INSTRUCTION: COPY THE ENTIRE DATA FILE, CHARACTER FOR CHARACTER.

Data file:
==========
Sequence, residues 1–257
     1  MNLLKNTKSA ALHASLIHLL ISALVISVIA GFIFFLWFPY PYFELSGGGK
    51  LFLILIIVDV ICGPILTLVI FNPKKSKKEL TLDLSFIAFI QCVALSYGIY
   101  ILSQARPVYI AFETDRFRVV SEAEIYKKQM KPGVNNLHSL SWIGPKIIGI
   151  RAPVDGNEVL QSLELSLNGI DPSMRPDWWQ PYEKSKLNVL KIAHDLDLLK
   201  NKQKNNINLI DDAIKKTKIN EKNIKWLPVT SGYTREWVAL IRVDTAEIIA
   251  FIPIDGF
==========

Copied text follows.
Sequence, residues 1–257
     1  MNLLKNTKSA ALHASLIHLL ISALVISVIA GFIFFLWFPY PYFELSGGGK
    51  LFLILIIVDV ICGPILTLVI FNPKKSKKEL TLDLSFIAFI QCVALSYGIY
   101  ILSQARPVYI AFETDRFRVV SEAEIYKKQM KPGVNNLHSL SWIGPKIIGI
   151  RAPVDGNEVL QSLELSLNGI DPSMRPDWWQ PYEKSKLNVL KIAHDLDLLK
   201  NKQKNNINLI DDAIKKTKIN EKNIKWLPVT SGYTREWVAL IRVDTAEIIA
   251  FIPIDGF